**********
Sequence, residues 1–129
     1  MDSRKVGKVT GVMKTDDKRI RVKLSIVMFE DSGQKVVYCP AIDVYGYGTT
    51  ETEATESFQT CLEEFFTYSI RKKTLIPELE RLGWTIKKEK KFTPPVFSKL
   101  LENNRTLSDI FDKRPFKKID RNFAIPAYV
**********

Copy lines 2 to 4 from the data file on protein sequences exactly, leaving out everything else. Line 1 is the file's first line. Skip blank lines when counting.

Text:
     1  MDSRKVGKVT GVMKTDDKRI RVKLSIVMFE DSGQKVVYCP AIDVYGYGTT
    51  ETEATESFQT CLEEFFTYSI RKKTLIPELE RLGWTIKKEK KFTPPVFSKL
   101  LENNRTLSDI FDKRPFKKID RNFAIPAYV